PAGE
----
All Scholarship Applications are Alike, Right?
By Dale Clifton, The Scholarship Doctor
Evaluating thousands of scholarship applications has
definitely left an impression on me. I still remember
some of them, because the students who submitted them
managed to get into my head in a personal way.
Many books and articles will tell you that "personalization"
is good, but they don't tell you how to accomplish
that. I saw a photo attached to an app showing the
senior student shaking hands with the President of
the United States. Another enclosed an audio tape that
revealed his talent to play the fiddle in a country
band. A girl had her photograph taken with a well-
known professional golfer after she had won a state
tournament. A boy included a picture of his debating
trophies. Another had won a two day fishing tournament
and held the trophy in a picture to prove it. Another
had built his own computer. Still, another had patented
her own invention, a device for counting inventory
units. In each case the items were part of the
requirements of the scholarship award, not just thrown
in for effect. These are super examples of
"personalizing" a scholarship application, but it
doesn't have to be that noticeable.
There were also attempts at personalization not well
received, a picture of a girl in a very tiny bikini.
The word thong comes to mind. Another included prize
ribbons with a request to return them when the judging
was over. We had to send them back at our own expense!
Another application had an algebra homework assignment
inside, oops. We sent that back, too. Her siblings
were probably blamed for its disappearance. One
application had a Santa Claus hat inside. It came
from Alaska. I'm still trying to figure that one out.
Why is personalization so important? Imagine that you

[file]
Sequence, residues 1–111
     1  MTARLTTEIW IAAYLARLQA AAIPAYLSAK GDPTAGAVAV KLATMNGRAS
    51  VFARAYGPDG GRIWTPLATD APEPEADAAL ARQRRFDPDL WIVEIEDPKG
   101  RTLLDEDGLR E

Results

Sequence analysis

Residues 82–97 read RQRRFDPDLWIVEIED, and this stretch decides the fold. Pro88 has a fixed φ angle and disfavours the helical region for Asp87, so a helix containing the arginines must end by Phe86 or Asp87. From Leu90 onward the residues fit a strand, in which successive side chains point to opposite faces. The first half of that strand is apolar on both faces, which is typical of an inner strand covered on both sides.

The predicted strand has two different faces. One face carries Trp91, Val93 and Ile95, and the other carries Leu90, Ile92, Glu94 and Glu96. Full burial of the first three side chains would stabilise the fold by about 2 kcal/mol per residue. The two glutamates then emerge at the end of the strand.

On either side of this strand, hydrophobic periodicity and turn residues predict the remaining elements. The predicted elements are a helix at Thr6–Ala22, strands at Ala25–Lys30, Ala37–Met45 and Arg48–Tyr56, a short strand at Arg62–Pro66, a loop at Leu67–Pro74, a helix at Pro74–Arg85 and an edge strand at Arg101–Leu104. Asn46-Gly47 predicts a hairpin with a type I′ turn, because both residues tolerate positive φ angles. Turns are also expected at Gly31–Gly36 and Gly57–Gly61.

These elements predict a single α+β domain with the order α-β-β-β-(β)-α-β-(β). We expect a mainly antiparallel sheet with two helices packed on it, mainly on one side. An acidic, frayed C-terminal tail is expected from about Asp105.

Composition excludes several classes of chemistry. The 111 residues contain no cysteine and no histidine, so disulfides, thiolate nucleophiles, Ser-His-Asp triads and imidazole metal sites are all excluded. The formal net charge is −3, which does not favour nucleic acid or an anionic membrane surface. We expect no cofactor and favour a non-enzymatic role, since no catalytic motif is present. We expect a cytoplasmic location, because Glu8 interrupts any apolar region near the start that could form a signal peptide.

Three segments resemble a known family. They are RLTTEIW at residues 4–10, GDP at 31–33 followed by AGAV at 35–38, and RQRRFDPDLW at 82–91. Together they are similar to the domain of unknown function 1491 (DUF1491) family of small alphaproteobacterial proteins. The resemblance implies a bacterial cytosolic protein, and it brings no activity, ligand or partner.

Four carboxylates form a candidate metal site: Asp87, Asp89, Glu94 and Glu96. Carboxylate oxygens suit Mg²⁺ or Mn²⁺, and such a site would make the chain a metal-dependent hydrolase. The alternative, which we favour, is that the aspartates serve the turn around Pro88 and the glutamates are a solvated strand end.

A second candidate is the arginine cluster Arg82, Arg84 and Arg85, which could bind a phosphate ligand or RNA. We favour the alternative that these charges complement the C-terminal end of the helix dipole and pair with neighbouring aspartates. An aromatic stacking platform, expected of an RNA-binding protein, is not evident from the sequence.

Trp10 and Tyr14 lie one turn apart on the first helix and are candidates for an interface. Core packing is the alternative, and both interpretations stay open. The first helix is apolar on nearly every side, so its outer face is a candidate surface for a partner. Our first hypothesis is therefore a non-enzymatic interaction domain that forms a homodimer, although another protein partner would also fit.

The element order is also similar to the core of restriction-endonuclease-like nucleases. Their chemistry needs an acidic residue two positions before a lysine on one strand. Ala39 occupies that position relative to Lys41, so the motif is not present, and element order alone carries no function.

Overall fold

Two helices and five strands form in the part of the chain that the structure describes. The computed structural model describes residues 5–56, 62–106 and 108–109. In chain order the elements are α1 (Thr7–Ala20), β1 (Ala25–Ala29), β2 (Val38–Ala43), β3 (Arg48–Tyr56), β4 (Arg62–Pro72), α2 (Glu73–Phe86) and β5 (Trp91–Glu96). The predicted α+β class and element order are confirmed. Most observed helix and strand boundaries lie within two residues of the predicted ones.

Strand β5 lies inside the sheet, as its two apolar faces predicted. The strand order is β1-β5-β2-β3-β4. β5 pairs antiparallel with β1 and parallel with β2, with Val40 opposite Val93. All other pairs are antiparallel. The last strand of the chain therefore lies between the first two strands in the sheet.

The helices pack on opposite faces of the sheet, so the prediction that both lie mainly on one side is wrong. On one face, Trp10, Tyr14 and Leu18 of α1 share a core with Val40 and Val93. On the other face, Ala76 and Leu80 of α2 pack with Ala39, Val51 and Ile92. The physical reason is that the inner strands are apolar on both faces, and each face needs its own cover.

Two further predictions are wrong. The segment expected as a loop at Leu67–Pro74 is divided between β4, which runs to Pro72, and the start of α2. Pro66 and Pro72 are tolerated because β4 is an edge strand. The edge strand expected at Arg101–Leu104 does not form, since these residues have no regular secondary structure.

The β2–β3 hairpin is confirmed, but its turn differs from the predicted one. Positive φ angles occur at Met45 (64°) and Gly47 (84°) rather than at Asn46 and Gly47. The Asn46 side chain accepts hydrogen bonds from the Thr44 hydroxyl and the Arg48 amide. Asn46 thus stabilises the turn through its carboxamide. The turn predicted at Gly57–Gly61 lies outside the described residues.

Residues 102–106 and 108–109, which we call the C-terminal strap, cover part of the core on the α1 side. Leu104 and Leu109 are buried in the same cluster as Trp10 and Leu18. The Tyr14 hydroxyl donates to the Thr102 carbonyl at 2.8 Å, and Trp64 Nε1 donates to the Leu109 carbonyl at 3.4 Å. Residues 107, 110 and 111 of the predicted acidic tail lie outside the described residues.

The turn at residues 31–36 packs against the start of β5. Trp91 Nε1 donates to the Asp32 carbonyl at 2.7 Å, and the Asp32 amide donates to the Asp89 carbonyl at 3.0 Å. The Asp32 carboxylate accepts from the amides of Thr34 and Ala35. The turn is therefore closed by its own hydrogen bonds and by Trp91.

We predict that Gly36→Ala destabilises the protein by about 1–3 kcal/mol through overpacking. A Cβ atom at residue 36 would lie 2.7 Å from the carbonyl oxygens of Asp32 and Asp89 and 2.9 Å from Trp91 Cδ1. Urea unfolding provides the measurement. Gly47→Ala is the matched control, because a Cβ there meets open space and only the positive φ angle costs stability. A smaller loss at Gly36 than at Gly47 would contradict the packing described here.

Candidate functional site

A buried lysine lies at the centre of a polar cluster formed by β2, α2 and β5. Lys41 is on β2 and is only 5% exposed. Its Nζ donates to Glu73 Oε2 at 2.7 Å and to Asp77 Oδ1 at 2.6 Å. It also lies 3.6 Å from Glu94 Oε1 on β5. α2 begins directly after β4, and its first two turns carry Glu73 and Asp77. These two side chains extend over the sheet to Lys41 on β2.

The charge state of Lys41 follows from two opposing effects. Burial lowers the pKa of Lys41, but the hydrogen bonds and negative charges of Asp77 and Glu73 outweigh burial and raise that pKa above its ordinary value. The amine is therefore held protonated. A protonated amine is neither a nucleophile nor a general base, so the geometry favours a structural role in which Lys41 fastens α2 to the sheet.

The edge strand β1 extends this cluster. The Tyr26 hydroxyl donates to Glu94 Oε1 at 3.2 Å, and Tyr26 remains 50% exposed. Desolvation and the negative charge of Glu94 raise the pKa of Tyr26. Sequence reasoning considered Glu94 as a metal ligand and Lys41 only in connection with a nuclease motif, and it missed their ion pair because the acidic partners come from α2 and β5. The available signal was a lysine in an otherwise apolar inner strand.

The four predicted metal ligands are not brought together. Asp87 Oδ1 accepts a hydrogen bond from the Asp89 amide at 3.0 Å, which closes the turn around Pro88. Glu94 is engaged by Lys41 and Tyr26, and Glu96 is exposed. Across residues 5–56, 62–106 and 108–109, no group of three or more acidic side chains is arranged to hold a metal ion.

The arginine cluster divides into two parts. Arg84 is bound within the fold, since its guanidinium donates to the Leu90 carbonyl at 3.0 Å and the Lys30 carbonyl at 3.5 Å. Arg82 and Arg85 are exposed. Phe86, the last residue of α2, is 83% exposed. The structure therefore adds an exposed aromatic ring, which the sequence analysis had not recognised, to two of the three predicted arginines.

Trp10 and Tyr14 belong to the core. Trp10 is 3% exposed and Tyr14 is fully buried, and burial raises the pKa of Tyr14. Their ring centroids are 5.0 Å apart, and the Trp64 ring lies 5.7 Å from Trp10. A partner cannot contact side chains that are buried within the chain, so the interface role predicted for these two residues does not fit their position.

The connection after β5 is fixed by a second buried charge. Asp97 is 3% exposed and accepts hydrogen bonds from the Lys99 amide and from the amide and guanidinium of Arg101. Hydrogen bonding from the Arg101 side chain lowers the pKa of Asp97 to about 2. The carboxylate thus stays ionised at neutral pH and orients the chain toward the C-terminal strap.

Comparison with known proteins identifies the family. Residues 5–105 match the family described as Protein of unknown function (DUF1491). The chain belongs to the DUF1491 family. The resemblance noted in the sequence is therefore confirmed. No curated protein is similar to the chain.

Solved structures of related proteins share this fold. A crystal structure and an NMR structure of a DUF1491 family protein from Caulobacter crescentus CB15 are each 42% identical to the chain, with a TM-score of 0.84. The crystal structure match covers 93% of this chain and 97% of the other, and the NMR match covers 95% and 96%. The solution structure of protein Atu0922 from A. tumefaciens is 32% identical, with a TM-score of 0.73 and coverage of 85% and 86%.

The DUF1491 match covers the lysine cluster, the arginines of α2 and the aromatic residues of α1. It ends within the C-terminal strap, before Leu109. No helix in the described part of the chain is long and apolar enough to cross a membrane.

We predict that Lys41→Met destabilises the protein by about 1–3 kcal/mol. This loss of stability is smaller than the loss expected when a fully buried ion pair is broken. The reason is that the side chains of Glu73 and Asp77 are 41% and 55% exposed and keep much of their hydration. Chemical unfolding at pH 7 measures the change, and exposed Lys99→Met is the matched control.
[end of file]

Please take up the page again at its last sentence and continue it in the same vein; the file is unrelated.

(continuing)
are on the committee, sitting around a table with 247
scholarship forms. It is the committee's job to pick a
winner. All of the apps appear to look alike. All
things being equal, which one is going to be chosen?
It's impossible to say. But, let's suppose that one
personalized his/her request and made it stand out
positively from the rest. Now, someone has taken the
time to be bold, inventive and creative. They have made
it possible for the scholarship committee to know more
about who they are. They are more than a just a piece
of paper with a name on it. They have revealed intimate
sides to their personalities. Who will win now? The
choice is obvious.
Personalize don't dramatize. Use good judgment and
common sense when personalizing. Try to imagine who
the people are making up the committee. Then, send in
your request knowing that, out of all who sent their
forms, you are the one who will win. You are the person
who deserves the money.
Planning produces positive outcomes when the
scholarship effort is truly a family affair.
About The Author
©2006 The Scholarship Doctor, Dale Clifton - All Rights Reserved
Dale is an educational consultant and expert at helping families win college scholarships.
To learn more about planning to win scholarships visit http://ScholarshipDoctor.com.
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